Climate Action Organizer in VA: ‘This is What the Inflation Reduction Act Means to Me’

Feb 16, 2023

Kyra Madunich-Arevalo,, 909-767-9743

“Historic obstacles to taking action on climate change require historic solutions, and that’s what this plan delivers,” says Colin A., a field organizer with Virginia League of Conservation Voters’ Climate Action Team. Colin is working to get the investments made possible by the Inflation Reduction Act into the hands of their community in Hampton Roads, Virginia. “People are excited to get involved, and we now have funding for transportation, green energy, and environmental justice communities. The best thing about the IRA passing is having the resources to work on more. ”

Signed into law six months ago, the Inflation Reduction Act is a multi-billion dollar investment plan to bring people across the country affordable clean energy, jobs, and justice, including for poor communities of color that are too often left behind. Colin’s job is to empower people to understand what these investments mean for them at the local level. 

Hampton Roads, VA is a pretty large, coastal metropolitan area with one of the largest harbor ports in the world and some of the country’s most vulnerable cities to climate. Colin added excitedly that for Virginians, passing the IRA means that “decarbonizing the ports is no longer a pipe dream.” 

Colin gets to tell people, “Oh yeah, we can get funding for that. We have resources to combat these issues now.  We can get this done.” Even if extreme right-wing Republicans try to hold the federal government hostage, getting this package out the door means that plenty of resources for climate action at the local level will continue to propel us towards a just and equitable future. 

For example, this clean energy plan offers large sums of money for urban forestry grants. Trees in urban areas have incredible health benefits, including cleaner air. Colin talks about how these grants are game changers for people like a volunteer urban forester they know who keeps track of neighborhood trees. “He’s very knowledgeable about what is needed on the ground. Now I get to do the work of connecting those grants and figuring out how to work together to get from point A to point C using this giant toolbox we’ve been given.”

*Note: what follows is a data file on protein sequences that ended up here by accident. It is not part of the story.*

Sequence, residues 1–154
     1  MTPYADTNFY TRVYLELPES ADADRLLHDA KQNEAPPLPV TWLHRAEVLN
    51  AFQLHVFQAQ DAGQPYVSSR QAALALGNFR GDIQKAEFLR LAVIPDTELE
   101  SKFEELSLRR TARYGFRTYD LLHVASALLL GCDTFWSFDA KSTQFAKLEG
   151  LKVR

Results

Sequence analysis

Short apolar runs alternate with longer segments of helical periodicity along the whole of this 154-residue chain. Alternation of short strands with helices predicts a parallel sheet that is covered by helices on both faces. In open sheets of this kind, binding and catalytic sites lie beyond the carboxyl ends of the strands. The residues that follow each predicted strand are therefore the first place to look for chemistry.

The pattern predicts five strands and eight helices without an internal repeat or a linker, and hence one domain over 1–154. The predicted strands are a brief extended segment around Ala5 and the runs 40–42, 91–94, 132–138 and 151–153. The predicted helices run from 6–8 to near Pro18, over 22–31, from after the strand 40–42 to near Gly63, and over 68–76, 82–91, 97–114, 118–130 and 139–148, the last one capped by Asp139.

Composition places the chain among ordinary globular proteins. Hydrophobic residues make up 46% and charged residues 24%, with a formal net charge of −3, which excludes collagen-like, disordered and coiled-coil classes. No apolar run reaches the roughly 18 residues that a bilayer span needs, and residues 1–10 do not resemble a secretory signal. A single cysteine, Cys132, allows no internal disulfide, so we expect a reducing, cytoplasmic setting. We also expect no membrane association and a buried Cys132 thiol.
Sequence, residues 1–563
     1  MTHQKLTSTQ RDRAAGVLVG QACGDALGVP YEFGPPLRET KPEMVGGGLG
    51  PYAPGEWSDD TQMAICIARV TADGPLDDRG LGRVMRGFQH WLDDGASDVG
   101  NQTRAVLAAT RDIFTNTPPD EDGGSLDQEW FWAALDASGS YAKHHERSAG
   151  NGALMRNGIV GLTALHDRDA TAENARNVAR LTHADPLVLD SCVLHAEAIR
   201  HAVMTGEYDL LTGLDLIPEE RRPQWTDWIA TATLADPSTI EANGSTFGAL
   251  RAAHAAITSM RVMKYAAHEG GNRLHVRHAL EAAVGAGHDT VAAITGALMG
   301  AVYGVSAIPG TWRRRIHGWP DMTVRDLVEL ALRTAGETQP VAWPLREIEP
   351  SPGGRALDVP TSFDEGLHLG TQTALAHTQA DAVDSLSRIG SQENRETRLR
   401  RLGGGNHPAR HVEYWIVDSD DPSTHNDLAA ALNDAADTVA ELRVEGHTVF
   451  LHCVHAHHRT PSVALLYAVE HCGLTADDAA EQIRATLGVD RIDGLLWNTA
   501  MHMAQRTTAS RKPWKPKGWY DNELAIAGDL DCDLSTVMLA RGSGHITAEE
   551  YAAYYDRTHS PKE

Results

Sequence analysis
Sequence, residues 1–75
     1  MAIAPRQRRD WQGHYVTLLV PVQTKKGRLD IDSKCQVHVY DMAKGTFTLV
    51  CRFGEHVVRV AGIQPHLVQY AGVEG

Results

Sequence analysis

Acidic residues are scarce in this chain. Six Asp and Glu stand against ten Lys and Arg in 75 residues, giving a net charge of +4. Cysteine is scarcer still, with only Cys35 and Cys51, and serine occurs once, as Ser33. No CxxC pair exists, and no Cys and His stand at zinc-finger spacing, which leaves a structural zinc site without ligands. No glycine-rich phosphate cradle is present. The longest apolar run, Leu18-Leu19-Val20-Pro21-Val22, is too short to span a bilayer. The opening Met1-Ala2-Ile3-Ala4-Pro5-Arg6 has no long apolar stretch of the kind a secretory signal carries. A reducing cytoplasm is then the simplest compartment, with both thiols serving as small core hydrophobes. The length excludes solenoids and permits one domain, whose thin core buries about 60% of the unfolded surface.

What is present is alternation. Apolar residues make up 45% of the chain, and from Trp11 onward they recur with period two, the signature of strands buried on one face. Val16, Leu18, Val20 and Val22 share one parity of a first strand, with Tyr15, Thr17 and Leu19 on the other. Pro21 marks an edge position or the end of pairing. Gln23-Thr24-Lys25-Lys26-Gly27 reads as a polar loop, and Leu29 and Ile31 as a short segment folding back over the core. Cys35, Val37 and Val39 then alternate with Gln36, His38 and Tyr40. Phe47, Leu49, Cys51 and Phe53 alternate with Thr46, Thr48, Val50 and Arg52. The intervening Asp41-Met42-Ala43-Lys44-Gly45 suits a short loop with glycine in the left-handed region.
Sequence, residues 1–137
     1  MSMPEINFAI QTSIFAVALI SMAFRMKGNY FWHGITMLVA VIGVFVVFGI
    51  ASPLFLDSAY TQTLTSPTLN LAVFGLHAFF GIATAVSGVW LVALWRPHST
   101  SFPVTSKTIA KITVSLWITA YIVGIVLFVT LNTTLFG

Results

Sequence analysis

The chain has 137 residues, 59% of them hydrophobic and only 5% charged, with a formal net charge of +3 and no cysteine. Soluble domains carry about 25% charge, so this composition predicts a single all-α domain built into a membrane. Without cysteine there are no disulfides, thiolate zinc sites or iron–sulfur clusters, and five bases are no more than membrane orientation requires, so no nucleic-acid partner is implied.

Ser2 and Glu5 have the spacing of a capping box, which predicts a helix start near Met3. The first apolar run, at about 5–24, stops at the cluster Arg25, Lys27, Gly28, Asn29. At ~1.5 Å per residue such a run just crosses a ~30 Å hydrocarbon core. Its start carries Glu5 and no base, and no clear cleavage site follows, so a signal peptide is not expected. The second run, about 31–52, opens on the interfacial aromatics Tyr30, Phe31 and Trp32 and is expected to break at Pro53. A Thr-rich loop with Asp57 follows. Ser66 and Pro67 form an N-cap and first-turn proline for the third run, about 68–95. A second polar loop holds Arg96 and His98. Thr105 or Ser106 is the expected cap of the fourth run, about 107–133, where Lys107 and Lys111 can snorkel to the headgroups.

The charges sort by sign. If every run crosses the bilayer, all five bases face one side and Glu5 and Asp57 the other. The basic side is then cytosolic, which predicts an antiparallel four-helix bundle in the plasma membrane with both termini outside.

Bringing this “giant toolbox” to people who need it is an exciting next step for Colin. Colin started as a volunteer with LCV, then moved up to work as an organizer advocating for the IRA’s passage. Their favorite part about organizing with LCV full time is that they get to show up and work in solidarity with other causes, too, like racial justice and fair labor.  “It feels really good to be at the forefront of an organization that is so devoted to intersectionality in the environmental movement, and which really puts the most importance on environmental justice. I feel really connected to a lot of different people doing a lot of different work, and it’s really expanded my horizons and awareness.”

The IRA is currently Colin’s avenue to do what they enjoy most: talking with people in grassroots spaces. “What truly gives me joy is working with other people. As long as I’m part of a team that makes other people’s lives better and is accomplishing some needs that the community has, I’m happy.” 

Their message to the Biden administration? “The biggest obstacle to grassroots action is people having the time and the energy to do it. It’s great that we’ve passed these truly historic funds. There’s a lot of good stuff [in the IRA] that addresses justice issues that intersect with climate action, like lowering the cost of prescription drugs. That’s incredibly helpful; more services that keep money in your average everyday person’s pocket will help them free up time so they can get out there – and do more work like this.